Refugee crisis: Mayors lead where Harper fears to tread in helping war victims

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The public in attendance at the Public Forum wanted Mayor Robertson to provide an even more aggressively worded motion to Vancouver City Council than the one he planned. As one speaker noted, the resolution needed to be “spiced up” — meaning it needed to point fingers at the federal government for not doing more.

Individuals who wish to sponsor refugees are encouraged to do so, but need to know that they are taking on a commitment for financial, social, employment, housing and other types of integration.

Private sponsorship is rewarding but not easy. This is why the government needs to take on the larger burden of settling refugees rather than downloading the burden to private groups.

The Public Forum was only a start. It will be interesting to see if the City of Vancouver itself commits funds and human resources to this issue so that overworked city staff do not have to take on this project off the sides of already full desks.

I suggest that the City of Vancouver appoint a position of “Refugee Coordinator,” possibly as a short-term position, to help co-ordinate this issue between various City departments and the public until a more long-term plan can be formulated.

The mood at the Vancouver Art Gallery rally and the Public Forum hosted by Mayor Robertson make it clear that the plight of refugees is not simply an issue that will disappear from the current federal election. ”Refugee” is becoming the word which is replacing” recession” as this election enters its middle stretch.

In light of this overwhelming public engagement, I am puzzled by the prime minister’s intransigence in not meeting and engaging the public and municipal and provincial leaders on how best to address the needs of these refugees.

Yes, there is an election going on and he has a message to deliver so he can be elected, but the public too has a message to deliver and a true leader should be adaptable to changing world events and priorities. Instead the prime minister is doubling down on not doing any more than he has announced and now plays the “security card” in the same breath in which he talks about the refugees. Refugees are framed as being potential risks to the security of Canada.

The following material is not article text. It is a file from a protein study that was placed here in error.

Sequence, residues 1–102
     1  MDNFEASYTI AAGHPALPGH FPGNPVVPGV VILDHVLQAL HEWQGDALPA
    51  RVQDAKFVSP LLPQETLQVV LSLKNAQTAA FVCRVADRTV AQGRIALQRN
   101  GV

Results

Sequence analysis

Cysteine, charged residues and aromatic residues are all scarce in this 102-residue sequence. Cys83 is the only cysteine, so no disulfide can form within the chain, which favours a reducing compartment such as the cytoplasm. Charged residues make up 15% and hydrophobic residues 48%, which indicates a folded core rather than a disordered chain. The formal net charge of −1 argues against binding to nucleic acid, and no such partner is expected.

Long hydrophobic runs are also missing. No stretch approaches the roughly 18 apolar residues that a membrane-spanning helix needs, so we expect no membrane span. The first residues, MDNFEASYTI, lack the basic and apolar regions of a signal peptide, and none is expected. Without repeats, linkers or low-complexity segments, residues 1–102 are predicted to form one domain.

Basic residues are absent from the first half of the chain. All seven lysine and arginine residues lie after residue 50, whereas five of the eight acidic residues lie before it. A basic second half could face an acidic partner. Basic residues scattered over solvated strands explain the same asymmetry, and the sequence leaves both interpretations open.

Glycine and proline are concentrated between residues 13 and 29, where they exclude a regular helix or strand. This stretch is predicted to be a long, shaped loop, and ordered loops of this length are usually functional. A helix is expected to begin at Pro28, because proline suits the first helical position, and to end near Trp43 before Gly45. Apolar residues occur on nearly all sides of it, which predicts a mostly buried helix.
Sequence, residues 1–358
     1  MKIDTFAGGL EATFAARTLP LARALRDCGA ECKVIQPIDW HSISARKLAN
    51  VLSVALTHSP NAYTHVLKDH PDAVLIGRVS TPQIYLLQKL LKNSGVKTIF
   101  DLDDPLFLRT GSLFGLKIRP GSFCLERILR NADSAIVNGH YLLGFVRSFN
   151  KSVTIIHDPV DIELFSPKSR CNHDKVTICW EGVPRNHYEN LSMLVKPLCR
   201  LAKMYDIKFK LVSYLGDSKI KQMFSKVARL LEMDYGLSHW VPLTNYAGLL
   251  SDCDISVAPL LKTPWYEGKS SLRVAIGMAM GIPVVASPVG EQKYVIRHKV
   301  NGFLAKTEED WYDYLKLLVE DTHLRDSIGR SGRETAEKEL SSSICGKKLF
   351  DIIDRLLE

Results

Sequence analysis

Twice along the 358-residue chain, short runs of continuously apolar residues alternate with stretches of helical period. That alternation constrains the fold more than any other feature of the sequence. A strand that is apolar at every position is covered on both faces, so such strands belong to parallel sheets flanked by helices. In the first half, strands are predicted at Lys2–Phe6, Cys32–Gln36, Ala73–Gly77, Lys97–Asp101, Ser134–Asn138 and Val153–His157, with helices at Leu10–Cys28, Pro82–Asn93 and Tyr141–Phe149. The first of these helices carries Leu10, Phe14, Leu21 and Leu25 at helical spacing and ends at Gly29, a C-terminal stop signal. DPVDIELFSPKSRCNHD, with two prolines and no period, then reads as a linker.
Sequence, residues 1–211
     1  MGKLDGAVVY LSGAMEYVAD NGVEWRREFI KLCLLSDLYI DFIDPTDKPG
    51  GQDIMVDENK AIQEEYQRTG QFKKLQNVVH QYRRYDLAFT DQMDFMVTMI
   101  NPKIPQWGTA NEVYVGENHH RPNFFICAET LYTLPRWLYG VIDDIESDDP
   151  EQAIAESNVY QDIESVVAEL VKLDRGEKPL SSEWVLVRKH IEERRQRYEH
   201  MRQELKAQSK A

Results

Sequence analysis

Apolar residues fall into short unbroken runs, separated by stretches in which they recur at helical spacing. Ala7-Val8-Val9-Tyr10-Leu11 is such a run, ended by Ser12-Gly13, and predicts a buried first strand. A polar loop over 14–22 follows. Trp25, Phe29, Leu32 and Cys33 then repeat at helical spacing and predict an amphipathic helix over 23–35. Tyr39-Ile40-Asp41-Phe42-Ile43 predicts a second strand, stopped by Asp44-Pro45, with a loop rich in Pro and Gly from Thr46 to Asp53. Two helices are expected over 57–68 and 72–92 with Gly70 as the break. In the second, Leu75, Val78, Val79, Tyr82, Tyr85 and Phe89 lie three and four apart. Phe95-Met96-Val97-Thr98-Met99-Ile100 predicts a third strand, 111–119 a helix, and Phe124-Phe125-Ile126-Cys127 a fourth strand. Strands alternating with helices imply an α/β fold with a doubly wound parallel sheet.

Harper appears to be creating a further cleavage between his traditional base of supporters who have a strong fear of refugees (heightened by years of Harper government fear mongering) and the Canadian public. In reality, it is possible to immediately fast track refugee processing AND to screen individuals who may fit a security risk profile. Why is this not being done?

Harper also raises the “flood gates” argument when he notes that we cannot take millions of refugees into Canada. In other words, Canada cannot take every one who needs help. In some ways this just reminds me of an old rhetorical trick where your opponent provides a solution much larger than the one you sought, simply to discredit your original argument. Well, Canadians are not asking to take all the refugees of the world. The current highest numbers being floated about are in the range of 25,000 to 50,000 refugees, not millions.

A leader, who does not lead, can soon find himself out of work. The public has a timely opportunity to make itself heard in this election and choose a leader who best represents them on the issue of refugees.

Zool Suleman, is a Vancouver Immigration and Refugee Lawyer. He has been the Chair (appointed by Mayor Larry Campbell), Co-Chair (appointed by Mayor Sam Sullivan), and Member (appointed by Mayor Gregor Robertson) of the Mayor’s Working Group on Immigration, for the City of Vancouver.

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